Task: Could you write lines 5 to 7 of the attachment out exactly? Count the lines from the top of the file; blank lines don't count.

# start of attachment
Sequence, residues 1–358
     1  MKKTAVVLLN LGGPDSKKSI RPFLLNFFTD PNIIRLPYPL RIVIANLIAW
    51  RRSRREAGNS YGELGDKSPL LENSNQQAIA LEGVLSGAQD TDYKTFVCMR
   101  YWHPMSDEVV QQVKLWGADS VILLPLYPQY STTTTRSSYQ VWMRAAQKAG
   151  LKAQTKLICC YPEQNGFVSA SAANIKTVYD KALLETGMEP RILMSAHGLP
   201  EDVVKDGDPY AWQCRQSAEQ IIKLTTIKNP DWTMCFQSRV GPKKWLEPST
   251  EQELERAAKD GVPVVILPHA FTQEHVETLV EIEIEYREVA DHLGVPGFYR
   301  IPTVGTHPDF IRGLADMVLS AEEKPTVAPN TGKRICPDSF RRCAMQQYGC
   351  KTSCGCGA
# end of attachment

   151  LKAQTKLICC YPEQNGFVSA SAANIKTVYD KALLETGMEP RILMSAHGLP
   201  EDVVKDGDPY AWQCRQSAEQ IIKLTTIKNP DWTMCFQSRV GPKKWLEPST
   251  EQELERAAKD GVPVVILPHA FTQEHVETLV EIEIEYREVA DHLGVPGFYR